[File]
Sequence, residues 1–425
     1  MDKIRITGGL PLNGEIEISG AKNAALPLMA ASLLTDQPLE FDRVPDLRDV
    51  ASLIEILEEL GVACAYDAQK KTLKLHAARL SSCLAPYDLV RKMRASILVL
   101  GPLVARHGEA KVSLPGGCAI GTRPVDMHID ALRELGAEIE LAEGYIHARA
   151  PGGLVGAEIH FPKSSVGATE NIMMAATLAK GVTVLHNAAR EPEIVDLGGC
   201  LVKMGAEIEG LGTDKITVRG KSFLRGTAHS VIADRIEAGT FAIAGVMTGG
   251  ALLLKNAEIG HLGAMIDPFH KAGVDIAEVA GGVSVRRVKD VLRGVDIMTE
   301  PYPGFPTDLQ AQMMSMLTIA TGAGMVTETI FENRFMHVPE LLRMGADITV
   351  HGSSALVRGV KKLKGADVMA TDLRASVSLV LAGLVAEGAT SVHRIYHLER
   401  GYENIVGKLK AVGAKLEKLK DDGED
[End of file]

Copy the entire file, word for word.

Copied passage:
Sequence, residues 1–425
     1  MDKIRITGGL PLNGEIEISG AKNAALPLMA ASLLTDQPLE FDRVPDLRDV
    51  ASLIEILEEL GVACAYDAQK KTLKLHAARL SSCLAPYDLV RKMRASILVL
   101  GPLVARHGEA KVSLPGGCAI GTRPVDMHID ALRELGAEIE LAEGYIHARA
   151  PGGLVGAEIH FPKSSVGATE NIMMAATLAK GVTVLHNAAR EPEIVDLGGC
   201  LVKMGAEIEG LGTDKITVRG KSFLRGTAHS VIADRIEAGT FAIAGVMTGG
   251  ALLLKNAEIG HLGAMIDPFH KAGVDIAEVA GGVSVRRVKD VLRGVDIMTE
   301  PYPGFPTDLQ AQMMSMLTIA TGAGMVTETI FENRFMHVPE LLRMGADITV
   351  HGSSALVRGV KKLKGADVMA TDLRASVSLV LAGLVAEGAT SVHRIYHLER
   401  GYENIVGKLK AVGAKLEKLK DDGED